Revelstoke City Council is considering banning single-use plastic bags.
Since the proposal passed its first reading, there will be public engagement before the bylaw is finalized.
At the moment, the bylaw proposes banning plastic bags and requiring businesses charge a minimum of $0.15 for each paper bag and $1 for each reusable bags, increasing to $0.25 and $2 after a six month transition period. Exemptions to the ban include bags for bulk items, wrapping for flowers or plants and protection for prepared food or baked goods.
The proposal requires paper bags be at least 40 per cent recycled content and reusable bags must be capable of at least 100 reuses.
The proposal includes a six month transition period, allowing businesses to use their existing plastic bag stock and source reusable bag options before the bylaw comes into full force.
Banning single-use plastic shopping bags has been on council’s radar since April 2018, when they requested the Environmental Advisory Committee investigate options for a ban. It was brought forward again in February 2019 at the request of the North Columbia Environmental Society (now Wildsight).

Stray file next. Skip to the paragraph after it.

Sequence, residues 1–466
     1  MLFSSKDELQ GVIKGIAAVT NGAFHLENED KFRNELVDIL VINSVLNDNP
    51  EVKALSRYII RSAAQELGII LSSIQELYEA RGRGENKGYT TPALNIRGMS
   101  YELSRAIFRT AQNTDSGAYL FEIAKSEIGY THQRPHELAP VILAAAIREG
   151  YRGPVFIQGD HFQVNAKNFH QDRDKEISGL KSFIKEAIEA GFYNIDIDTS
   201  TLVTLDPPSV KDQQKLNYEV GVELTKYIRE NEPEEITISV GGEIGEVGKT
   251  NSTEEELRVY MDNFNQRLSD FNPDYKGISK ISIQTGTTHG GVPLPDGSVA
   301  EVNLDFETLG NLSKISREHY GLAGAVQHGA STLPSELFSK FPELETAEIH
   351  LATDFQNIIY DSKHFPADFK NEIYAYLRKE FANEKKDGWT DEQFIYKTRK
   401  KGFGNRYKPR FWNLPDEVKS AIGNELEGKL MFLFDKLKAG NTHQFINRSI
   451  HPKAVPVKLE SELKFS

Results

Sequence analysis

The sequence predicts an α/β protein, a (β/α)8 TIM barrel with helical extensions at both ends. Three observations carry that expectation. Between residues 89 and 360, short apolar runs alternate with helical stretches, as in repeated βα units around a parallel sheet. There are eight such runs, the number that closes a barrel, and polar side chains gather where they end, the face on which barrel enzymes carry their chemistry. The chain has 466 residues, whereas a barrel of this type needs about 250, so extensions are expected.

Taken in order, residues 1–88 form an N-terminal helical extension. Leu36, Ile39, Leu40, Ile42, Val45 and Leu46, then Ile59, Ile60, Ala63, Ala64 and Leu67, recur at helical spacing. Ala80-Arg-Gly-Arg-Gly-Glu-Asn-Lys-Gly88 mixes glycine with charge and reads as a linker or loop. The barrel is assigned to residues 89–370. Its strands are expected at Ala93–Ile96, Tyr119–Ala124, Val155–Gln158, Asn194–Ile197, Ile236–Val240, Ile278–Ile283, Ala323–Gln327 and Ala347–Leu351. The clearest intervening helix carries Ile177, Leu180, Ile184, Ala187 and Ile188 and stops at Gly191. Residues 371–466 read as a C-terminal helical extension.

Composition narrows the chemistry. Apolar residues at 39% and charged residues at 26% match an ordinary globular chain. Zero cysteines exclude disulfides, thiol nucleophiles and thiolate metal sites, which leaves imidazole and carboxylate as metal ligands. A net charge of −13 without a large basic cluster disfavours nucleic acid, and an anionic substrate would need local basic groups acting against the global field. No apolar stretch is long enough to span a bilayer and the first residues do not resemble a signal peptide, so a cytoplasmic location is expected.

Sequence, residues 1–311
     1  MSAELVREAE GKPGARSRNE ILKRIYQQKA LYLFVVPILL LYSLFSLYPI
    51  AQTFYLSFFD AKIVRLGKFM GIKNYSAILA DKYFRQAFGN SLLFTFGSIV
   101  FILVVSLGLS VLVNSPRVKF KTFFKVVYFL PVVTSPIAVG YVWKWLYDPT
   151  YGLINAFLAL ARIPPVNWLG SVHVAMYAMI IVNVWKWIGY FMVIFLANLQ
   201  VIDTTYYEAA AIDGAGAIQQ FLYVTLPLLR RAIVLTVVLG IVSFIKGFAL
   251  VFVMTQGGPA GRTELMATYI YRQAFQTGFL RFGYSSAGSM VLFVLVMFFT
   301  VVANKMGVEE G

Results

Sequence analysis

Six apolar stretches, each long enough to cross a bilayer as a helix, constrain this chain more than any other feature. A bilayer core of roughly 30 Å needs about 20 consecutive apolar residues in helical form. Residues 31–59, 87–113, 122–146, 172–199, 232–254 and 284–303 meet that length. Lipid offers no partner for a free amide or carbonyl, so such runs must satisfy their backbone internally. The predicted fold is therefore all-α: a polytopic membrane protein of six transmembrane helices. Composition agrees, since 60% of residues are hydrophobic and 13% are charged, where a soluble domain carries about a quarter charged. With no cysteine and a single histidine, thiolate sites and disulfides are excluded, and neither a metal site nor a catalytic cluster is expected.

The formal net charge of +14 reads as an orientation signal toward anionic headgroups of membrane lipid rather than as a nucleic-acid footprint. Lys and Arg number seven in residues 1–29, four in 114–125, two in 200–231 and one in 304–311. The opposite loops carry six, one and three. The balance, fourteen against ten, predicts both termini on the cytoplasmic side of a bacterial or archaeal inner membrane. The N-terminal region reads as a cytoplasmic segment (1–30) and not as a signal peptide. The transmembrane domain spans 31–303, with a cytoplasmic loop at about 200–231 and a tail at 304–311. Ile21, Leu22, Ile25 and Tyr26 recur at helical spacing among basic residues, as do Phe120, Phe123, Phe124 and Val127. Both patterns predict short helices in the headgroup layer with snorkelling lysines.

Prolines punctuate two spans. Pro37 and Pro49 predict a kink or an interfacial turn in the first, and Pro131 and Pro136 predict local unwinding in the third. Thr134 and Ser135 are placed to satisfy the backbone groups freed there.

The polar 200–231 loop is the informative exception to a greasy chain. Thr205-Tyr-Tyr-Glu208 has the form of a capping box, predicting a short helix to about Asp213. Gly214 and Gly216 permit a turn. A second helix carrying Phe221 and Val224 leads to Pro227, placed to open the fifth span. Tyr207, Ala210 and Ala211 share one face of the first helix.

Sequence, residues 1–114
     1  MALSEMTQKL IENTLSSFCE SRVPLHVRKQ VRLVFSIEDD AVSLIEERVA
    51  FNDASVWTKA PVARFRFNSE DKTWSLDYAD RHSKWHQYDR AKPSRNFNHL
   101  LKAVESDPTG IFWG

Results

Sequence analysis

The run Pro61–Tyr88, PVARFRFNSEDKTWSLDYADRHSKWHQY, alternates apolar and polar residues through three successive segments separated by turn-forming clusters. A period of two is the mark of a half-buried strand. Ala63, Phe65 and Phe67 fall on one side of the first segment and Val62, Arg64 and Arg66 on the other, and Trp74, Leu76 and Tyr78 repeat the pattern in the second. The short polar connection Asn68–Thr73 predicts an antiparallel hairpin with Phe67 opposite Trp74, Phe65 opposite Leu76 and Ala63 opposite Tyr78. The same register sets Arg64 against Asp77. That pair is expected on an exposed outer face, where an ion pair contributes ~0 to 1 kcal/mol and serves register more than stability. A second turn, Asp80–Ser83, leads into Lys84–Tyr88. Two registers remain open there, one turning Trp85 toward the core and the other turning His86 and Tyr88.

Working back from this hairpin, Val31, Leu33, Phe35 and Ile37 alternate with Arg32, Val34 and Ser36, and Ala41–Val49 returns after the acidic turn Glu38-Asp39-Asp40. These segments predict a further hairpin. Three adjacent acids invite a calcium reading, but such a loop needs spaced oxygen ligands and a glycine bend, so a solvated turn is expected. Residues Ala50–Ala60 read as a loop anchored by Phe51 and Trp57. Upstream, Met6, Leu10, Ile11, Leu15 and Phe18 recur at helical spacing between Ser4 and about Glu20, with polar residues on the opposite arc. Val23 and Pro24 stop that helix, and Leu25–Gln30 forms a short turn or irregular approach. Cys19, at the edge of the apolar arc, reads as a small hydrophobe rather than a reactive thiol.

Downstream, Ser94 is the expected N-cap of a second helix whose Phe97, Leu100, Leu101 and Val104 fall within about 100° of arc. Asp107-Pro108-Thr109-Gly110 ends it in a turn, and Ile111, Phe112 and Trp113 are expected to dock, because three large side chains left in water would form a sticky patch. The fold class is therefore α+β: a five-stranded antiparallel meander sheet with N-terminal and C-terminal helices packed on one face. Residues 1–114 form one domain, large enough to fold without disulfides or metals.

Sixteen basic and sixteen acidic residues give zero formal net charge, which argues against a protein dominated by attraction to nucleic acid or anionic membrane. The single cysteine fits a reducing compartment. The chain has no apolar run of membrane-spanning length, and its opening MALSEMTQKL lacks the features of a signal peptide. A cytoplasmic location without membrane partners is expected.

A survey was done to measure public support however, when a similar bylaw in Victoria was overturned by the BC Court of Appeal in the summer of 2019, progress on the bylaw halted.
At the time, the court of appeal ruled the ban on single-use plastics should be considered an environmental regulation rather than a business regulation, which is the provincial government’s responsibility. If passed, the new bylaw in Revelstoke would need approval from the minister of environment before adoption.
Since then, the minister has approved bylaws banning single-use plastic bags in nine communities in B.C., three of which included banning plastic straws, foam and service ware on top of plastic bags.
In October of 2020, the federal government also announced new restrictions on plastics that will see plastic straws, stir sticks, carry-out bags, cutlery, dishes and takeout containers and six-pack rings for cans and bottles, banned by the end of 2021.
The staff report on the topic, presented at the April 27, 2021 council meeting, outlined a general timeline of engagement process, including educating and collecting feedback from the community about the proposed bylaw between May and July before coming back to council in August or September for amendments, a public hearing and final readings.
If approved by council, the bylaw would then need to be approved by the provincial minister of environment before adoption.